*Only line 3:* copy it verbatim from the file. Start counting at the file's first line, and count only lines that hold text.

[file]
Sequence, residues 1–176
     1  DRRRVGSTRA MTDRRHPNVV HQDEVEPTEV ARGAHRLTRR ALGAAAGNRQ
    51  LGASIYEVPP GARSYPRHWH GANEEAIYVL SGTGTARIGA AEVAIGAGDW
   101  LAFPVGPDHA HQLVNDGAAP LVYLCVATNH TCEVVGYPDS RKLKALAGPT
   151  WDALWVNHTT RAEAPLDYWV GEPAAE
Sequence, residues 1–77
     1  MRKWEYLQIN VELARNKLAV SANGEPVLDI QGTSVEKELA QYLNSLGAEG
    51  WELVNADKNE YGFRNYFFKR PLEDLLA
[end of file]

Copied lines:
    51  LGASIYEVPP GARSYPRHWH GANEEAIYVL SGTGTARIGA AEVAIGAGDW